For purposes of counting 8(a) revenue, the dollar amount of a prime contract award is credited towards the revenue of the prime contractor. Thus, to the extent an 8(a) prime decides to utilize a subcontractor for purposes of meeting the limitations on subcontracting provisions, any amount subcontracted is not deducted from the prime's 8(a) revenue. SBA notes that the language in § 124.510(b) is not new, and as such, no changes to this language were proposed. Nonetheless, several commenters expressed their opposition to a District Director's ability to waive compliance with the limitations on subcontracting in certain circumstances and disagreed with the time period used to determine compliance with the limitations on subcontracting for 8(a) procurements. In response to these comments, SBA is eliminating this provision. SBA has not received any comments or input indicating this provision has benefited specific 8(a) concerns. In addition, this exemption is not based on any statutory authority. Thus, in accordance with the intent of the section to make the performance requirements uniform across all programs, SBA is eliminating paragraphs (c)(4) and (c)(5) of § 124.510.

SBA proposed to revise § 125.15(a)(3) and (b)(3), which address the requirements for an SDVO SBC to submit an offer on a contract. SBA proposed to revise paragraph (a)(3) to state that a concern that represents itself as an SDVO SBC must also represent that it will comply with the limitations on subcontracting, as set forth in § 125.6, as part of its initial offer, including price. SBA proposed to revise paragraph (b)(3) to state that joint ventures that represent themselves as an SDVO SBC joint venture must comply with the applicable limitations on subcontracting, as set forth in § 125.6. SBA received no comments related to these paragraphs and as such is adopting the language as proposed.

HUBZone Program

SBA also proposed to revise § 126.200(b)(6). This paragraph addresses the requirements that a concern must meet in order to receive SBA's certification as a qualified HUBZone SBC. Paragraphs (b)(6) and (d) are repetitive as both address the requirement that HUBZone SBCs must comply with the relevant performance of work requirements. SBA proposed to delete paragraph (d) and revise paragraph (b)(6). Specifically, proposed paragraph (b)(6) would state that the concern must represent in its application for the HUBZone program that it will comply with the applicable limitations on subcontracting requirements with respect to any procurement that it receives as a qualified HUBZone SBC. SBA received one comment related to proposed § 126.200(b)(6), which was a request to clarify whether a HUBZone similarly situated entity subcontractor must meet the 35% residency requirement for HUBZone program participation. In response, SBA clarifies that a HUBZone similarly situated entity subcontractor must be able to qualify for the prime HUBZone procurement in order to be considered a similarly situated entity. This means that it must also be HUBZone certified and be considered small for the NAICS code assigned to its subcontract. SBA is adopting the language in § 126.200(b)(6) as proposed.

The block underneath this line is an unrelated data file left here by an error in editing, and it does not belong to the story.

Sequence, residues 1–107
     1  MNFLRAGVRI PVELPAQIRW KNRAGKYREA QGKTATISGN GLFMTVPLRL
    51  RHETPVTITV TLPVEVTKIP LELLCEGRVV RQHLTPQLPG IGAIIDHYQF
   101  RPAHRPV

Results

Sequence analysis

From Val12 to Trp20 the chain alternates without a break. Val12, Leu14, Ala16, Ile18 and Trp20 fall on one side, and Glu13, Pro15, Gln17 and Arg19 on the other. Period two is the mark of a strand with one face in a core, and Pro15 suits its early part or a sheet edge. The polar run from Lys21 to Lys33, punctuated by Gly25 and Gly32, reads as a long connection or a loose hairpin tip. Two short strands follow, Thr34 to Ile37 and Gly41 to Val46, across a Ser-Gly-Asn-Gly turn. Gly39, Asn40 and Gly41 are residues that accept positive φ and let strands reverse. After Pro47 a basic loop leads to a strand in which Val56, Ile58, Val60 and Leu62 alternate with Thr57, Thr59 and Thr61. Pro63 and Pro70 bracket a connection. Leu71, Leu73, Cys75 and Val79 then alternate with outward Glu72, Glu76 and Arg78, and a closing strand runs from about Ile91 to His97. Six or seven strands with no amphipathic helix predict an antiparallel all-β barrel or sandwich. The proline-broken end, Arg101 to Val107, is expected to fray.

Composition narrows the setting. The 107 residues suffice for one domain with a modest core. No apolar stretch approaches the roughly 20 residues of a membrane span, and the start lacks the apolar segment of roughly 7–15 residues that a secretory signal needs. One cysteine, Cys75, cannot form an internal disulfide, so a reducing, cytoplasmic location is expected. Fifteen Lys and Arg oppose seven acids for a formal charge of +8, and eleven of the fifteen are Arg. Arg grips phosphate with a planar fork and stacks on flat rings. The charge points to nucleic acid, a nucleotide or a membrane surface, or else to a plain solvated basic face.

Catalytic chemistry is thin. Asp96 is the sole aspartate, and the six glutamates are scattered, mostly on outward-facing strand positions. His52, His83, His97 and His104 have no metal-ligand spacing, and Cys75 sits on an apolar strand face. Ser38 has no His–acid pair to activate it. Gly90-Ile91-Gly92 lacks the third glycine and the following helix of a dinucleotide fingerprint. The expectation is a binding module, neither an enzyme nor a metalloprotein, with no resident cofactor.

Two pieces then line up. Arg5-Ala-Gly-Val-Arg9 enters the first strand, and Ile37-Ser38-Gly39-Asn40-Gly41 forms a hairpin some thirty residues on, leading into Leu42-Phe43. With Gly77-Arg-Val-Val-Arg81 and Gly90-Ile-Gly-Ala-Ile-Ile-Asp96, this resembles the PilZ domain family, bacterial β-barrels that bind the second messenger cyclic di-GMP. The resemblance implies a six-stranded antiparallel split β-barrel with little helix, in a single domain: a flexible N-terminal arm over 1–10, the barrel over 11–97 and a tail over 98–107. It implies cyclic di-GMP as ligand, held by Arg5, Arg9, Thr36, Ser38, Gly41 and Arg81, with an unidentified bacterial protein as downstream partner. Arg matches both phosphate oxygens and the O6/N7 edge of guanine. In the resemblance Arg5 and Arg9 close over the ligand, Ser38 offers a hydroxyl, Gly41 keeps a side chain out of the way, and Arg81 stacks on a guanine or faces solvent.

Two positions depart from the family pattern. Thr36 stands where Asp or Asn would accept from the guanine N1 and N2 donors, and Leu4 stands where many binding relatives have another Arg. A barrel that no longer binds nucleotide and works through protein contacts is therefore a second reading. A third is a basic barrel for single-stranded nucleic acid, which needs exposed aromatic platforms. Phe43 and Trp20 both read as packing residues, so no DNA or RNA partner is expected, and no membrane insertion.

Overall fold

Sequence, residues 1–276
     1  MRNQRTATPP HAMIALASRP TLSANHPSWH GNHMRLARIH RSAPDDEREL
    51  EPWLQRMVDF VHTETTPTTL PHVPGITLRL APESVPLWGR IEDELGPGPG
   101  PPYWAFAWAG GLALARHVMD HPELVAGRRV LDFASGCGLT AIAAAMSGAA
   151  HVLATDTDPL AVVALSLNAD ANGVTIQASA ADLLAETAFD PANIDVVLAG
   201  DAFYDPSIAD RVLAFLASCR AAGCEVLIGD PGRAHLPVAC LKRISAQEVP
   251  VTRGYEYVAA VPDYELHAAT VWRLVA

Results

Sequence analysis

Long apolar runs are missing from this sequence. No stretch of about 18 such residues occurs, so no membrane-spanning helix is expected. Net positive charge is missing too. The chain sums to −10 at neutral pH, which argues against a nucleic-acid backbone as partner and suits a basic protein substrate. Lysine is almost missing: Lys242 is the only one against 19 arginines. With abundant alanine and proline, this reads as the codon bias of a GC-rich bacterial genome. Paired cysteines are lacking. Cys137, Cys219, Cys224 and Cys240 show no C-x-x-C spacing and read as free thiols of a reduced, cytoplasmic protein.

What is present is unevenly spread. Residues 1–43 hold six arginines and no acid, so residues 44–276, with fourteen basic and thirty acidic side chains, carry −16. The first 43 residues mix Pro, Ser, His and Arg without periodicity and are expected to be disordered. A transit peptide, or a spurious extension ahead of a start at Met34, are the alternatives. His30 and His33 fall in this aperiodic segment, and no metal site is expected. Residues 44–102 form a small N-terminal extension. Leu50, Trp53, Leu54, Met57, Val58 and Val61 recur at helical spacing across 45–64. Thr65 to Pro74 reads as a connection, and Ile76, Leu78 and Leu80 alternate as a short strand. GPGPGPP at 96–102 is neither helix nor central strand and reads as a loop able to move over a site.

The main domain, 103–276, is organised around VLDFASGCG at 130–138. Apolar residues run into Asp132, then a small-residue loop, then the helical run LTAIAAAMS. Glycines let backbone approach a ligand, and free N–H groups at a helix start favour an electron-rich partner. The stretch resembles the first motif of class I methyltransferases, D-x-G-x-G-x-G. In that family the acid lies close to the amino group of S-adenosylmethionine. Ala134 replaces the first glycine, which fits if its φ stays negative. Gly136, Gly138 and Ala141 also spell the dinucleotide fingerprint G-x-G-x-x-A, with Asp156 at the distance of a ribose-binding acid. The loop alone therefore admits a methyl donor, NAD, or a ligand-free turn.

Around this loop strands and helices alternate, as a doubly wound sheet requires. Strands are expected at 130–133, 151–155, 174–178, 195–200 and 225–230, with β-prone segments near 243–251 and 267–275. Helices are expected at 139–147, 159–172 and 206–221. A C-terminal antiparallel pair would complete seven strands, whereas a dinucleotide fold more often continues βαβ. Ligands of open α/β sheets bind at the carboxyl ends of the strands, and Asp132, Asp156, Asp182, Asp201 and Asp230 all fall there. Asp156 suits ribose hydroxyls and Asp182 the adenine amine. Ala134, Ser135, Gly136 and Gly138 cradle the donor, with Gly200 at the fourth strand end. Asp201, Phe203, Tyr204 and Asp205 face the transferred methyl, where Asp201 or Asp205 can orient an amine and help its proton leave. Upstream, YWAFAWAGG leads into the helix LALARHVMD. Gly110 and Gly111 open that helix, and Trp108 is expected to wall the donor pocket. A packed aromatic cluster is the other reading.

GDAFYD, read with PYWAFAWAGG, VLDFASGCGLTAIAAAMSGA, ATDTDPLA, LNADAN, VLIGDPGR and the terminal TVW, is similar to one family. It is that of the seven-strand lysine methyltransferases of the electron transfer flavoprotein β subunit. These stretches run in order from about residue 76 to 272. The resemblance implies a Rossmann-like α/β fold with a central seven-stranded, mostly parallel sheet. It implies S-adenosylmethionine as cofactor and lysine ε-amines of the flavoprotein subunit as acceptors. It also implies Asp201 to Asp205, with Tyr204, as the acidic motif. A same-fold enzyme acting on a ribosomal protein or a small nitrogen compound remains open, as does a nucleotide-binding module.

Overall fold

SBA proposed to revise § 126.700 in its entirety, including revision of paragraph (a) and removal of paragraphs (b) and (c). This section currently Start Printed Page 34251addresses the performance of work requirements for HUBZone contracts. SBA proposed to retitle the section to include the terminology “limitations on subcontracting”; remove references to the “performance of work” requirements; and replace the deleted text with a reference to 13 CFR 125.6 for guidance on the applicable limitations on subcontracting for HUBZone contracts. SBA believes that it would be confusing to have each section of SBA's set-aside program regulations repeat the relevant limitations on subcontracting, and therefore SBA proposed to list all of the limitations on subcontracting requirements at § 125.6 and provide references to that section in each of the various small business government contracting and business development program sections. SBA did not receive comments related to this paragraph and is adopting the language as proposed.

SBA proposed to revise § 127.504(b), which addresses the requirements a concern must satisfy to submit an offer for an EDWOSB or WOSB requirement. Paragraph (b) states that the concern must meet the performance of work requirements in § 125.6. SBA proposed to revise this paragraph to replace the reference to “performance of work requirement” with “limitations on subcontracting.” SBA did not receive comments related to this paragraph and is adopting the language as proposed.

SBA proposed to revise § 127.506(d), which addresses the requirements that a joint venture must satisfy in order to submit an offer for an EDWOSB or WOSB requirement. SBA proposed to revise this paragraph by replacing the reference to “performance of work requirement” with “limitations on subcontracting.” SBA did not receive comments related to this paragraph and is adopting the language as proposed.

Subcontracting Plans

Section 1653 of the NDAA, as codified at 15 U.S.C. 637(d) (Section 8(d) of the Small Business Act), addresses amendments to the requirements for subcontracting plans. Section 1653(a)(2) of the NDAA states that the head of the contracting agency shall ensure that the agency collects, reports, and reviews data on the extent to which the agency's contractors meet the goals and objectives set out in their subcontracting plans. SBA proposed to add a new § 125.3(f)(8) to incorporate these provisions. SBA received three comments on this addition. Two were positive, and the one negative comment felt that the statutory language may be too burdensome for contracting officers and prime contractors. This final rule adopts the proposed language.